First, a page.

In a theater of war long forgotten and barely even known at the time, James Harry Hantzis and his fellow soldiers labored at a thankless task under oppressive conditions. Nonetheless, as Rails of War demonstrates, without the men of the 721st Railway Operating Battalion, the Allied forces would have been defeated in the China-Burma-India conflict in World War II.
Steven James Hantzis’s father served alongside other GI railroaders in overcoming danger, disease, fire, and monsoons to move the weight of war in the China-Burma-India theater. Torn from their predictable working-class lives, the men of the 721st journeyed fifteen thousand miles to Bengal, India, to do the impossible: build, maintain, and manage seven hundred miles of track through the most inhospitable environment imaginable.
From the harrowing adventures of the Flying Tigers and Merrill’s Marauders to detailed descriptions of grueling jungle operations and the Siege of Myitkyina, this is the remarkable story of the extraordinary men of the 721st, who moved an entire army to win the war.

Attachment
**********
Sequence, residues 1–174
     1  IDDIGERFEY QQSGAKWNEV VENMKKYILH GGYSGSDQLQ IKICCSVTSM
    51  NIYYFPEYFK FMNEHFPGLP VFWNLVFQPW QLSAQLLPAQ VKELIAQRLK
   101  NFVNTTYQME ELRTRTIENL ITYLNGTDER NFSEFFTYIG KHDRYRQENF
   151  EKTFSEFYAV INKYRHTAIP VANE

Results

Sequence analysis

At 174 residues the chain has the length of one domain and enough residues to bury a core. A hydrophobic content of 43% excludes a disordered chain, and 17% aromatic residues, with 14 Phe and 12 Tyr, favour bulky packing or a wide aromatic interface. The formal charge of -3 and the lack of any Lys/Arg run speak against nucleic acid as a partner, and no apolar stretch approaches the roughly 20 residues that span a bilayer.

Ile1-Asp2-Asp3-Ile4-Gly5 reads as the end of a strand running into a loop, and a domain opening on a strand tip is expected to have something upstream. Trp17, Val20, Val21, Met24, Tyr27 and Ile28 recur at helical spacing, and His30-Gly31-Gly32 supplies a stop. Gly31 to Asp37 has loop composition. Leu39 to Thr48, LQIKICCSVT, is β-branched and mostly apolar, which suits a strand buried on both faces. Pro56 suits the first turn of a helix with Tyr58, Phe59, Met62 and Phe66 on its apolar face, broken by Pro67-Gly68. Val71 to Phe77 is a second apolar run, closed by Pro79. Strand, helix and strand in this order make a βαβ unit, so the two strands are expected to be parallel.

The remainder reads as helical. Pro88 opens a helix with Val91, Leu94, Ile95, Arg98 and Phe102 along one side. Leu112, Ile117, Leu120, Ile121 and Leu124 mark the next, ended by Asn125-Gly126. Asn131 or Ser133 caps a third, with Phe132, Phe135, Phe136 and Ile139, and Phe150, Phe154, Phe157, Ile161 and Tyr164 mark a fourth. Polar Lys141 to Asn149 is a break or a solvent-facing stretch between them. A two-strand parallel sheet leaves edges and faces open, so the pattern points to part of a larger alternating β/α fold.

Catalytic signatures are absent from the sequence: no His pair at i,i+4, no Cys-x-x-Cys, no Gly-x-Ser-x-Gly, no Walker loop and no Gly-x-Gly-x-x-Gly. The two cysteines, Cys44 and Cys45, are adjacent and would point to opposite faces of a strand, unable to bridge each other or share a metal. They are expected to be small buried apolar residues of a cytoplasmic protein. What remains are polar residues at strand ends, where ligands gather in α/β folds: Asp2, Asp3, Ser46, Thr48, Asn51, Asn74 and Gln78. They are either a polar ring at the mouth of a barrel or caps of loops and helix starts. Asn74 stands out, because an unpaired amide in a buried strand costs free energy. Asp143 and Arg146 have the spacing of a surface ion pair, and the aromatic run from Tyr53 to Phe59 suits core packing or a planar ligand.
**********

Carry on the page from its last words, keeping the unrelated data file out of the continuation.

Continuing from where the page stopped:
Steven James Hantzis is the son of James Harry Hantzis, former staff sergeant of the World War II 721st Railway Operating Battalion. A retired Grand Lodge representative for the International Association of Machinists and Aerospace Workers, Steven Hantzis worked twelve years as a brakeman-conductor for Conrail. Both his father and his great-grandfather were railroaders.
“An incredible look at the monumental task of these logistics superheroes. . . . These unsung members of our Greatest Generation worked miracles, and Steve Hantzis does a wonderful job capturing the danger, the difficulty, and the rewards in a very personal way. As a commander of our Flying Tigers in Desert Storm, I especially enjoyed the parallels between the logistics of World War II and Desert Storm.”
—Gen. Gene Renuart, USAF (Ret.)